When Kim Kardashian took to Instagram this week with a new #YeezySeason6 hashtag attached to seemingly real-life photos, hype swelled around Kanye West’s Yeezy clothing label. But is it authentic exposure or product endorsement?
The Instagram posts have roots in Kardashian’s paparazzi Yeezy lookbook from December 2017, candidly capturing celebrities, such as Paris Hilton, performing regular errands like heading to the off-licence or picking up a McDonald’s.
The posts form a typical, yet well-worked, piece of influencer marketing. The tabloid style invites clicks and maximises exposure, and viewers were unlikely to have recognised the images as adverts.
However, assuming the campaign was orchestrated to advertise the latest collection of West’s Yeezy clothing line – and its subjects were compensated in some way, even with free products – it could be in breach of anti-competition laws on both sides of the Atlantic by failing to make clear the posts are promoting Yeezy.
What does the law say?
In the UK, the Advertising Standards Authority (ASA) is the body responsible for guaranteeing transparency in marketing practices. According to its guidance on influencer marketing, using a clear identifier, such as “#ad”, alerts consumers to the commercial nature of a post.
It states: “Consumers should always be aware when they are being advertised to. Failure to disclose the commercial relationship an influencer may leave a brand at risk of a complaint to the ASA.”
If an influencer has presented a brand in an authentic way, it is not considered advertising.
“However when the brand has control over the content of the post and rewards the influencer with a payment, free gift, or other perk, the post becomes an ad.”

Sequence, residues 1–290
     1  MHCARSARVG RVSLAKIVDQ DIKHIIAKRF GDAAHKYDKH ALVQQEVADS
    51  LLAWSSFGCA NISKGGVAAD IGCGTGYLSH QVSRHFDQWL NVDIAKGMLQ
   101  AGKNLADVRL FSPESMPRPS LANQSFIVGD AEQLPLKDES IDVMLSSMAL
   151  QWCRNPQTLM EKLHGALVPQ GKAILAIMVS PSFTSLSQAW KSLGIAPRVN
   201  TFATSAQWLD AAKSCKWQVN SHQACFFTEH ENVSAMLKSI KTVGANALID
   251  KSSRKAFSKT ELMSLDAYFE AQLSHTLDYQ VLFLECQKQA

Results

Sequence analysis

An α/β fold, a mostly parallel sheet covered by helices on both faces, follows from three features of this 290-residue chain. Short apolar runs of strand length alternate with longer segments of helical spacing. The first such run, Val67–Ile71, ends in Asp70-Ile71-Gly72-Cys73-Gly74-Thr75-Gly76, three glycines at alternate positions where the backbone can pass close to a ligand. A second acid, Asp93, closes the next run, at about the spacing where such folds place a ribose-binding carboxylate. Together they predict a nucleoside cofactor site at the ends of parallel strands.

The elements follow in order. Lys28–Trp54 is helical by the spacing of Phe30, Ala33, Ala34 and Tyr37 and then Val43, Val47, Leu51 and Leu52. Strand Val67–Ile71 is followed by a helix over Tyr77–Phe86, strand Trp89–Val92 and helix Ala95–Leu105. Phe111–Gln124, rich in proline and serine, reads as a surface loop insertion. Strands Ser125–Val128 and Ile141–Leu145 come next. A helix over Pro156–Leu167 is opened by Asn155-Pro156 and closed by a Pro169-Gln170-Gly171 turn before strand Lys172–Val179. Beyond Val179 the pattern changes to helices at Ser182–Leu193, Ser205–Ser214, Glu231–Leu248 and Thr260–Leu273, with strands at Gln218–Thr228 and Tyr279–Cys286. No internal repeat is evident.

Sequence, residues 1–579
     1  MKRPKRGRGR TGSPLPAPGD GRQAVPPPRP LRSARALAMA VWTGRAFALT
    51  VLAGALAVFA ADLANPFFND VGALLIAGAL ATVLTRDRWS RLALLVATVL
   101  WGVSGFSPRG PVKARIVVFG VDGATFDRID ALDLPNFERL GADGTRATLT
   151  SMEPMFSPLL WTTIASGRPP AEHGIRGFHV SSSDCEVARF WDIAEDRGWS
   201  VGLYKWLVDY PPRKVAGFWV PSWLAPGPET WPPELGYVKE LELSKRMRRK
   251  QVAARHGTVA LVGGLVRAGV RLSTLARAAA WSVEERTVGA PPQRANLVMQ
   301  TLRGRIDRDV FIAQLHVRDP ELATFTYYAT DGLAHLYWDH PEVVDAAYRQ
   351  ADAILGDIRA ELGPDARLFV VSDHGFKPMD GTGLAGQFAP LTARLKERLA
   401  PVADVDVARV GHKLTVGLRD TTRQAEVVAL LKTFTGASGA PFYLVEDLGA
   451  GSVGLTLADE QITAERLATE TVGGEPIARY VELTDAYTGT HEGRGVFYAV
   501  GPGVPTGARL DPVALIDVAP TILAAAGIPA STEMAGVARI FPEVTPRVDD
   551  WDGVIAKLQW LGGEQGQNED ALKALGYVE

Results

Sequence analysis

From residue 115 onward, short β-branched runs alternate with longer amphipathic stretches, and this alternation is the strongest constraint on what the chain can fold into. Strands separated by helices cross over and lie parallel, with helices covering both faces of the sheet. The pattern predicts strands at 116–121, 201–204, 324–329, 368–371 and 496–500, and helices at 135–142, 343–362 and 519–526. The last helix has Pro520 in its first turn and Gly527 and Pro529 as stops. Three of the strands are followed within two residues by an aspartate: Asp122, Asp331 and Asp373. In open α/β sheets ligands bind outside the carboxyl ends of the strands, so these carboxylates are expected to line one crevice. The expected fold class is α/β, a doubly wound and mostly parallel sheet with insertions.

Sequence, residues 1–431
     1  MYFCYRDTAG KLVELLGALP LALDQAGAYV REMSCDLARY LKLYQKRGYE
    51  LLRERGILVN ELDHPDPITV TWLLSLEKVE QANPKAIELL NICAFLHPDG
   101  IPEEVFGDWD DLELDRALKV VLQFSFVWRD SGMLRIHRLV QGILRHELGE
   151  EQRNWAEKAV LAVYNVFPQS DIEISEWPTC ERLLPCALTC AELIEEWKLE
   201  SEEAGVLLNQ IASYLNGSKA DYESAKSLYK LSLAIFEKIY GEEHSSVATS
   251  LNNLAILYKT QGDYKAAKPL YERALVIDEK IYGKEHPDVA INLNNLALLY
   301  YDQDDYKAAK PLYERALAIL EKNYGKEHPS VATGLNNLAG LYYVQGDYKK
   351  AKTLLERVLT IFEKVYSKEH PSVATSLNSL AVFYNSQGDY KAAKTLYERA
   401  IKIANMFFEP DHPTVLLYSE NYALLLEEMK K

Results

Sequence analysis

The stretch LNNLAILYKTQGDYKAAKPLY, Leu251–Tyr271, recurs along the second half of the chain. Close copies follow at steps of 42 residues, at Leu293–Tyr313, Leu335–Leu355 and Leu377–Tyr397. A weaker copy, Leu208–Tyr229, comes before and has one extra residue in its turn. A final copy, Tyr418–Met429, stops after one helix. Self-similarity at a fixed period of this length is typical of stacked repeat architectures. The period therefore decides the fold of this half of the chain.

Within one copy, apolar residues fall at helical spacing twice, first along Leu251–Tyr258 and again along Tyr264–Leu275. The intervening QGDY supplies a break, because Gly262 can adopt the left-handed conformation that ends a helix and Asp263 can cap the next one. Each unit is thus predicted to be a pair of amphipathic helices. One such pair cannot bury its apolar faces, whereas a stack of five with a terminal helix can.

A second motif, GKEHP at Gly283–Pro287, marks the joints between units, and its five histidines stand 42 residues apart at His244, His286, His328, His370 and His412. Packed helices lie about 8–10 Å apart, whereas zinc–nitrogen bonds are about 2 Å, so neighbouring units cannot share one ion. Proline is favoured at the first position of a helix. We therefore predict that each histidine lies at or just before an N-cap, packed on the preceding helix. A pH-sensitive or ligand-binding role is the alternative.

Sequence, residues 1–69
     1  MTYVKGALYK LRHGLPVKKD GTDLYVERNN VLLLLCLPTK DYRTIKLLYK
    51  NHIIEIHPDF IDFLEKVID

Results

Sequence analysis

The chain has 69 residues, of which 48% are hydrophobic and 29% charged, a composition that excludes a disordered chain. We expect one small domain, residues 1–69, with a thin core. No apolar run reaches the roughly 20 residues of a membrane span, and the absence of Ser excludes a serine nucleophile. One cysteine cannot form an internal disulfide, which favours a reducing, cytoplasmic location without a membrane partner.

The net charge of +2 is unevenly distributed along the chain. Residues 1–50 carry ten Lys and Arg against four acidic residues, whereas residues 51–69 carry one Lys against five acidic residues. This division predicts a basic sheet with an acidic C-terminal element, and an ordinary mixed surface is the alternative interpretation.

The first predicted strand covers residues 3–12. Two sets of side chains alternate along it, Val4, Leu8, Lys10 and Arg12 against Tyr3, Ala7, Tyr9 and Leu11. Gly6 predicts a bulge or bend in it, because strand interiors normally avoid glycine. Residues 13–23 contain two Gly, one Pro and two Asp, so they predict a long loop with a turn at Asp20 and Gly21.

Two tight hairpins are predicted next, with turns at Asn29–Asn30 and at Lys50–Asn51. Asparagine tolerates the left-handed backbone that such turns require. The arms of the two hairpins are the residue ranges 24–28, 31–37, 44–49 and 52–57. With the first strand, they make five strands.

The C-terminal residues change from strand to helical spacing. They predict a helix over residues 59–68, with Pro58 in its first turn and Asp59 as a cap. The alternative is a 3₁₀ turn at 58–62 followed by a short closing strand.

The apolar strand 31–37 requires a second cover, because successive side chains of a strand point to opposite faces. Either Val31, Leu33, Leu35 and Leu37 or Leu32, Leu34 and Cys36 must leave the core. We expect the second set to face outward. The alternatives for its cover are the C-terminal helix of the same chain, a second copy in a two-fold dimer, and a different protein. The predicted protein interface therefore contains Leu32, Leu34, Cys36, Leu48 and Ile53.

The ASA’s CAP code was designed to grapple the rise of influencer marketing and ensure transparency around new advertising mediums.
The United States’ body for protecting consumer interests, the Federal Trade Commission (FTC) has similar guidelines.
The New York Times recent “Follower Factory” investigation also raised questions around online transparency, revealing the paid-for social media followings of public figures and the sheer volume of bot accounts on platforms like Twitter.
Coupled with the blurring of lines on influencer Instagram feeds, as seen with Yeezy Season 6, Business Advice expert and founder of Grid Law, David Walker believes brands could be soon be held to greater account.
“Small business owners need to remember that they are ultimately responsible for what influencers say about their brands, and how they’re promoted in their social media,” Walker said.
“It’s easy to think, that you wont get caught but that’s risky. With time, the ASA will clamp down on these activities, probably starting with high profile celebrities and athletes, but then they will start pursuing smaller business.
“If you add to this the news which came out recently about how many influencers are buying followers, I can see the whole of influencer marketing having a major shake up in the near future. That’s a good thing, because ultimately it will lead to more transparency and we will have more trust in what we see online.”
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